Wednesday, May 28, 2008
Book Review: Living On the Black
The title of John Feinstein's Living on the Black refers to the area on the outer edges of the strike zone where veteran pitchers whose fast ones have slowed to under 90 mph must consistently place the ball. The term also reflects the precarious situation that the New York Yankees' right-hander Mike Mussina and former New York Mets left-hander Tom Glavine were in at the start of the 2007 season.
Mussina and Glavine, then 38 and 41 respectively, were struggling to hold on to their jobs and keep batters off balance with a guile accumulated during a total of 36 years in the majors. Both men made it, but just barely; their personal milestones -- Glavine passed the 300 mark in total victories, and Mussina reached number 250 -- were overshadowed by their teams' dismal finishes.
The Yankees did their usual postseason fold while the Mets, leading their division by seven games with 17 left to play, crashed and burned in one of the greatest collapses in baseball history. Glavine took the season-ending loss, failing to last through the first inning. One of the game's most articulate players, he was philosophical when asked if he was devastated. "To me, devastating is finding out that a neighbor's eight-year-old is going to lose a leg to cancer." Less philosophical Mets fans were, well, devastated.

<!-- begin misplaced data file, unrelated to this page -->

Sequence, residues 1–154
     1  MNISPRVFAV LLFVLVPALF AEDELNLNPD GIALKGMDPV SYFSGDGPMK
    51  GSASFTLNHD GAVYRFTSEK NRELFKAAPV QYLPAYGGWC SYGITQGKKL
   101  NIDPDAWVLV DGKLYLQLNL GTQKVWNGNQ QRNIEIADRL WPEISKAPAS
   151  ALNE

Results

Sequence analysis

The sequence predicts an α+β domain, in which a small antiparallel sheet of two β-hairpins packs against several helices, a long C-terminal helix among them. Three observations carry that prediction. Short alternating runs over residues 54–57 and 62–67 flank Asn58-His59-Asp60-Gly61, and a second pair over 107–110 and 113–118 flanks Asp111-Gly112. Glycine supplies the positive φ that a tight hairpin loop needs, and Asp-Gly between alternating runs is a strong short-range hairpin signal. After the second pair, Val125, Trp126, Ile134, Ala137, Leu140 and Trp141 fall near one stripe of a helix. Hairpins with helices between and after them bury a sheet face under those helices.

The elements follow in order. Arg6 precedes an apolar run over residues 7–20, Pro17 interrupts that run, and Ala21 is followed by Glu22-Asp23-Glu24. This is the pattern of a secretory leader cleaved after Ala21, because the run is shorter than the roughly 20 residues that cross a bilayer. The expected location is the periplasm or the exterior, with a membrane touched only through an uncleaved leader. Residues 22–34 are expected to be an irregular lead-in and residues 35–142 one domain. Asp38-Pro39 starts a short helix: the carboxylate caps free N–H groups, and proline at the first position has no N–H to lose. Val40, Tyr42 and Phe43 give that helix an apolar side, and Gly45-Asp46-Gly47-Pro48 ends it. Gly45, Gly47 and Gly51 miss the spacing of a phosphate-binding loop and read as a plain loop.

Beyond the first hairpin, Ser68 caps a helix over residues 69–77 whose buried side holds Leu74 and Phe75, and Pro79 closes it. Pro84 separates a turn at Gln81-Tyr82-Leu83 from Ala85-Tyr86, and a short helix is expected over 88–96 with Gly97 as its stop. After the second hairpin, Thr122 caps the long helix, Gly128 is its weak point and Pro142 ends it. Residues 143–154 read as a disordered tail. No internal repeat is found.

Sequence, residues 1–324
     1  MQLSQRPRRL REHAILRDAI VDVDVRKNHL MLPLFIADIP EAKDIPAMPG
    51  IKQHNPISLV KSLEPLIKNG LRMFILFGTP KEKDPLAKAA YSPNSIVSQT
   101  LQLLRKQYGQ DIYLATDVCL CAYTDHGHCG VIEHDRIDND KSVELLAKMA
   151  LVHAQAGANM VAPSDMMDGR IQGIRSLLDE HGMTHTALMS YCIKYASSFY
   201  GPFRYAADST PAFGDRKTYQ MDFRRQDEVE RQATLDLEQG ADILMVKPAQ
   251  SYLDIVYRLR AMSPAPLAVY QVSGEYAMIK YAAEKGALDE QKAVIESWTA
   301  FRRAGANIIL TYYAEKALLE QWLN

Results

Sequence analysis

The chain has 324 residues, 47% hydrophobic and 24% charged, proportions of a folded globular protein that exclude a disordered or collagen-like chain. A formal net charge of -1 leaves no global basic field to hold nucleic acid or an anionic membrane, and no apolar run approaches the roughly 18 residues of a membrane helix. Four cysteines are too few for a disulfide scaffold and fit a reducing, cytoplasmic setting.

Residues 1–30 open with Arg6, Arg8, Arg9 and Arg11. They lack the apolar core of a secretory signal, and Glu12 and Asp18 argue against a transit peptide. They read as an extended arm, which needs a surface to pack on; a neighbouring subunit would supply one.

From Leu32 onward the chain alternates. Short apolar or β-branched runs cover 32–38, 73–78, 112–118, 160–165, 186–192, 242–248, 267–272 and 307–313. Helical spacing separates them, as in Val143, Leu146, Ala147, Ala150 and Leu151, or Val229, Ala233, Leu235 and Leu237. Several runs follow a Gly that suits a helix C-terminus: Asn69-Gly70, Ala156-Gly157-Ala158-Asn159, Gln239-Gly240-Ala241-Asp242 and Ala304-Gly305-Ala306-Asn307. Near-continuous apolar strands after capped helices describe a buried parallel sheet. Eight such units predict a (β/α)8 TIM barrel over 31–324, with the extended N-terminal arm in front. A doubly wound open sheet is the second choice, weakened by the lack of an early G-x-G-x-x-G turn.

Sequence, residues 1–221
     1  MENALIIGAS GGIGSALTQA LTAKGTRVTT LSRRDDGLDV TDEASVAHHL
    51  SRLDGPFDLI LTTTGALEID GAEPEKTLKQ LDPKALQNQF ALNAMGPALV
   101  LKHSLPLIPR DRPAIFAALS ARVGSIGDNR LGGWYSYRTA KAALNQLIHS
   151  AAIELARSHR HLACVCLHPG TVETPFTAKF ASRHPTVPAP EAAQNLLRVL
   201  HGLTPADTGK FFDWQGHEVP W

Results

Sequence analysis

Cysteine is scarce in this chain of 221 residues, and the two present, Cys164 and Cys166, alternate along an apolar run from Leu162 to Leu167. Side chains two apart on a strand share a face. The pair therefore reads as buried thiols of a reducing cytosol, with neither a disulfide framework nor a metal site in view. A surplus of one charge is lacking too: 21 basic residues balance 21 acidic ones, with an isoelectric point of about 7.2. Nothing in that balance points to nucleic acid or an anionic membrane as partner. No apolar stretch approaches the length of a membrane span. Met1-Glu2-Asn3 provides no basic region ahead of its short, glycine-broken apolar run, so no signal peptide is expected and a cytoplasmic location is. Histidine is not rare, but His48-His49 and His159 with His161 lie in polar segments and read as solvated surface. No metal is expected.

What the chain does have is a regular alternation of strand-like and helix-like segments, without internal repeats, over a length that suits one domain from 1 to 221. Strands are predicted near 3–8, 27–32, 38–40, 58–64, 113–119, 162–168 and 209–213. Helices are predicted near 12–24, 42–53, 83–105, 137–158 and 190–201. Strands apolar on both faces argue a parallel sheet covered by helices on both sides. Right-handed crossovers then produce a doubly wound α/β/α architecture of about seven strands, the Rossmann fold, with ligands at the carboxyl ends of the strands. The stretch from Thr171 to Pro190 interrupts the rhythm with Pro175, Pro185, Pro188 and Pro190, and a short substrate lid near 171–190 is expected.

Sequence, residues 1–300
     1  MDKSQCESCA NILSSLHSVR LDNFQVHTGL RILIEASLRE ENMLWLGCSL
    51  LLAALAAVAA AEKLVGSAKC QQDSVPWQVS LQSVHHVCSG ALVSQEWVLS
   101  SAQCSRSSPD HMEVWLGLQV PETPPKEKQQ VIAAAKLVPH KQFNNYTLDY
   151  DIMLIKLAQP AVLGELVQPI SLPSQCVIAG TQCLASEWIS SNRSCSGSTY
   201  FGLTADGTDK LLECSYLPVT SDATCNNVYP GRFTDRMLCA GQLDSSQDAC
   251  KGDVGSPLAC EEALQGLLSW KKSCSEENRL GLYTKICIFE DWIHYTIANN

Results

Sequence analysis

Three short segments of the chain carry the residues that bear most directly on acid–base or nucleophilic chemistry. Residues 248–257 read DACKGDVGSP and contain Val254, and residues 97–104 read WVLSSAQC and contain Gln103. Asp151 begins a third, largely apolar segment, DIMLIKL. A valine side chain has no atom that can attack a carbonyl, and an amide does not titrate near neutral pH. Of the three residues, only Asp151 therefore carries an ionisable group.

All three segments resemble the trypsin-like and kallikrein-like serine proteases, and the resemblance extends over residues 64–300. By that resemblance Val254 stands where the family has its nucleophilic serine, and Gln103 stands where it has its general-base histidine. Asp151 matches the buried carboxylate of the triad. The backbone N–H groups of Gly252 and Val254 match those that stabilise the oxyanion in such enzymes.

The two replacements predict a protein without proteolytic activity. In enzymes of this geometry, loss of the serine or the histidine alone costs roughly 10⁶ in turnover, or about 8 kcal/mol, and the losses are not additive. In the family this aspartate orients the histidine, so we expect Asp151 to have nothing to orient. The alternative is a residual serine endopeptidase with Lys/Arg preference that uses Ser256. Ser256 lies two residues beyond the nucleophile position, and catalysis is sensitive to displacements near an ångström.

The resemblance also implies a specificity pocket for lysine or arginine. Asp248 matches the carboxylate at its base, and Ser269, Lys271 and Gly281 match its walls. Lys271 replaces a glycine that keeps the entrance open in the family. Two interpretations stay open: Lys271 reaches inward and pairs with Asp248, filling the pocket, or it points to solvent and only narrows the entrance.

A columnist for The Washington Post and author of 22 previous books, John Feinstein must have known that as a writer he was living on the black himself by picking two aging pitchers for his subject. The resulting book is strong on human drama -- both players come across as noble, bloodied warriors -- but extremely short on baseball drama. Like Mussina and Glavine over the last couple of seasons, Living on the Black starts out strong and begins to run out of steam about halfway through. Yankee and Mets fans know how it all comes out, and baseball fans who don't like these two teams may not care.
Feinstein tries to pump up the narrative by reminding us that "they are two of the best pitchers of all time. And they aren't quite done yet." That's debatable, but even if it were true, it's been so long since either pitcher was at his peak that many may have forgotten. That Feinstein captures them artfully in their decline only serves to make their story painful to read. Living on the Black has a hard time living up to its subtitle: for Mussina and Glavine as well as for Yankees and Mets fans, the season was really one to forget.